Miller said, after the meeting, he thought more about the action and said he felt “offended” and “neutered” by the action.

Miller stressed, “I wouldn’t be a professional hit man for any one of you,” and he asked that the council express some degree of confidence in their interim manager.

During discussion of the motion, Kerley accused Wyatt of spreading the rumors about the issue and Kerley. Wyatt said he was not on trial and he refused to respond to Kerley’s accusations.

Souza said that Wyatt had first approached him about possible firings directed by Kerley and Souza to be carried out by Miller. Souza continued that he then discussed it with Kerley and told Kerley, “I will not participate in any firings, which he (Kerley) did not ask for anyway.”

The discussions above appear to be in violation of the sunshine law.

Kerley said he also talked to Miller about firings and Miller assured him there would be none.

“Now there’s a rumor out there that there was a conspiracy to fire Mr. Miller,” said Souza. Souza concluded saying that he would not be part of any politically motivated firing.

Councilman George Marlow commented that Miller had said he was OK with the action and, according to Marlow, told him after the meeting that it might make his job easier.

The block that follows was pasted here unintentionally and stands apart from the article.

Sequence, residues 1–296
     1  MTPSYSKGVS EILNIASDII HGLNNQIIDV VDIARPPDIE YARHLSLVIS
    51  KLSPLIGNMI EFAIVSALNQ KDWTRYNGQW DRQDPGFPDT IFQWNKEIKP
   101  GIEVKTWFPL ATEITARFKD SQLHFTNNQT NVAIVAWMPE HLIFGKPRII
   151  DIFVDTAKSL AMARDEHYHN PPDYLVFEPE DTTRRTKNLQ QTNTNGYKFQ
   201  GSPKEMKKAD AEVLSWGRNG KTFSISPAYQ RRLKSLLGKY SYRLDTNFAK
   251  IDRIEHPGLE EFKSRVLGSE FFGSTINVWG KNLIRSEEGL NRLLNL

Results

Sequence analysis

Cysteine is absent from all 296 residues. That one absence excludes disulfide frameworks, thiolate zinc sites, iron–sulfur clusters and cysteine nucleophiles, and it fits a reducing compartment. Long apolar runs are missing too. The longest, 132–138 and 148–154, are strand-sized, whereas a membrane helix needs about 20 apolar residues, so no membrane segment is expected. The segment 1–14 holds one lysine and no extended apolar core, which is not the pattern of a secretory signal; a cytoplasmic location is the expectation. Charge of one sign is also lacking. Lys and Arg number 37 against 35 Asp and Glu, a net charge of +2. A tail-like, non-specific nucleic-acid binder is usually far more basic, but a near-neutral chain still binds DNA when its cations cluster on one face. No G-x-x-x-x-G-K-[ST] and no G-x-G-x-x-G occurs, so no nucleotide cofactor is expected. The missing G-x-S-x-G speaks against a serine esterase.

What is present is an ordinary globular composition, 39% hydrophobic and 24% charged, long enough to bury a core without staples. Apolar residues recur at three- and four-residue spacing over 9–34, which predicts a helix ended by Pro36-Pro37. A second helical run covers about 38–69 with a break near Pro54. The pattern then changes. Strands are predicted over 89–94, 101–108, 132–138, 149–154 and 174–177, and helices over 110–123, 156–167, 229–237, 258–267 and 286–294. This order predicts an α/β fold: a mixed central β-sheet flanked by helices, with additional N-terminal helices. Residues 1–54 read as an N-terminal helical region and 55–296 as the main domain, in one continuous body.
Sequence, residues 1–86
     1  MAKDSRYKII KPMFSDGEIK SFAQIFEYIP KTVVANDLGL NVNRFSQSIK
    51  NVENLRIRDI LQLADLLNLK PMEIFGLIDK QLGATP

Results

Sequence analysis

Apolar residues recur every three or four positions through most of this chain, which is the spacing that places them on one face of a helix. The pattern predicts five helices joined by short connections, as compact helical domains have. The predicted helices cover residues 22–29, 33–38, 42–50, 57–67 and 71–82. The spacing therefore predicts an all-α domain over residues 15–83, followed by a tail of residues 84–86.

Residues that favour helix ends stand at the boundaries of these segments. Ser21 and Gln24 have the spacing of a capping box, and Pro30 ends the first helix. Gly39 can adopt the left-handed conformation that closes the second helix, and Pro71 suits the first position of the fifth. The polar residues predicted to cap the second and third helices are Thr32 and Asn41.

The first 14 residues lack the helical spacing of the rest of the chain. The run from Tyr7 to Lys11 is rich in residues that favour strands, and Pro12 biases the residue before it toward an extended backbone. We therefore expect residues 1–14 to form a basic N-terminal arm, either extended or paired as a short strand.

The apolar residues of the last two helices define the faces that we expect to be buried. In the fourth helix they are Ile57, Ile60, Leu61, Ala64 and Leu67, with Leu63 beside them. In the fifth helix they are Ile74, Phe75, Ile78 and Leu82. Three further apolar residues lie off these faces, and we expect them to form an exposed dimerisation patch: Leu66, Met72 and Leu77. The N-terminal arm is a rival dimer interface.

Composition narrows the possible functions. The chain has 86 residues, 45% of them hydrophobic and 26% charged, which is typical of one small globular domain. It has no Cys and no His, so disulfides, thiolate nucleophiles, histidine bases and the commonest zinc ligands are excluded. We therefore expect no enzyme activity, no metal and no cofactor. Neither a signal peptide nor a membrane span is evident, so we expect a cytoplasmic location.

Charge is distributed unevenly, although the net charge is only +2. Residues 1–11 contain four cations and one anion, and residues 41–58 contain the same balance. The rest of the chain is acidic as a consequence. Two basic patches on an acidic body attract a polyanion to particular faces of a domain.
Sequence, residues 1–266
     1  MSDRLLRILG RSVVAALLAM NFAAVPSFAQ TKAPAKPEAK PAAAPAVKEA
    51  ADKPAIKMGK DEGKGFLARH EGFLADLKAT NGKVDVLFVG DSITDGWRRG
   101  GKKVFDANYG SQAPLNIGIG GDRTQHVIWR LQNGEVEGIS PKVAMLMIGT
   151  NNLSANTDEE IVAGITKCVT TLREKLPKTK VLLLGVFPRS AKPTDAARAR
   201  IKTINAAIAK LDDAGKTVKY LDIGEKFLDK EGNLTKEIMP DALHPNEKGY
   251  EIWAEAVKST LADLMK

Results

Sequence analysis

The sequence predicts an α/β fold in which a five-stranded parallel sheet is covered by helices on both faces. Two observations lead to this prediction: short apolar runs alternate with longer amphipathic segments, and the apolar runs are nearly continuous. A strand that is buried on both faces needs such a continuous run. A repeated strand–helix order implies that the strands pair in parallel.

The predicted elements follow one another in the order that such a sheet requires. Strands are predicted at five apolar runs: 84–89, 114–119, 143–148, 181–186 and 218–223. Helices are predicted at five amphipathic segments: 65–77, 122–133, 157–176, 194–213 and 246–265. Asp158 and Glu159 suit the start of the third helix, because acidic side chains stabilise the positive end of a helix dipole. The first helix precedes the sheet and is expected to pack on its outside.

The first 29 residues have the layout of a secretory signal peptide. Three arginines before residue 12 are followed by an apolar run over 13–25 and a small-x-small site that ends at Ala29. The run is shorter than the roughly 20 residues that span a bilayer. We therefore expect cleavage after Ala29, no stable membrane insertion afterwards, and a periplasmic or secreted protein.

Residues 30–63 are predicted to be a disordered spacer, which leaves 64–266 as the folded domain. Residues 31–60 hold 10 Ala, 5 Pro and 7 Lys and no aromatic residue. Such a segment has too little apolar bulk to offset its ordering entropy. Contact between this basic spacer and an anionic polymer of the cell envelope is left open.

Kerley again spoke and took aim at Wyatt, describing his anger and strong words following the hiring of Miller as interim manager. Kerley described the motion Wyatt made as an action of harassment.

According to Kerley, “Lots of people heard (Wyatt) saying this stuff.”

Marlow spoke saying, “I’ll take some of the responsibility for Councilman Wyatt being upset because he and I discussed this prior.” In a statement that again appears to be an admission of sunshine law violation, Marlow said he hoped to hire someone from inside city hall for an interim position, but the person he supported felt it was not in their best interest to take the position.

Marlow continued, “About an hour before the meeting, I got the information and I didn’t have a chance to contact Councilman Danny Wyatt so I’ll agree that I voted opposite what I had discussed with him and he probably had a reason to be upset.”

Tennessee’s sunshine law prohibits elected officials from discussing official business privately or in groups outside of a public meeting that the public is notified about. It is often done but can create problems for elected bodies, as the Knox County commission found out several years ago when a series of appointments were overturned by a judge.

While there is no criminal penalty, a lawsuit can be filed to have a decision set aside, requiring the elected body to revisit the decision at a later time. It can create a lack of confidence in elected officials as well cost taxpayer money to pay for the plaintiff’s attorney.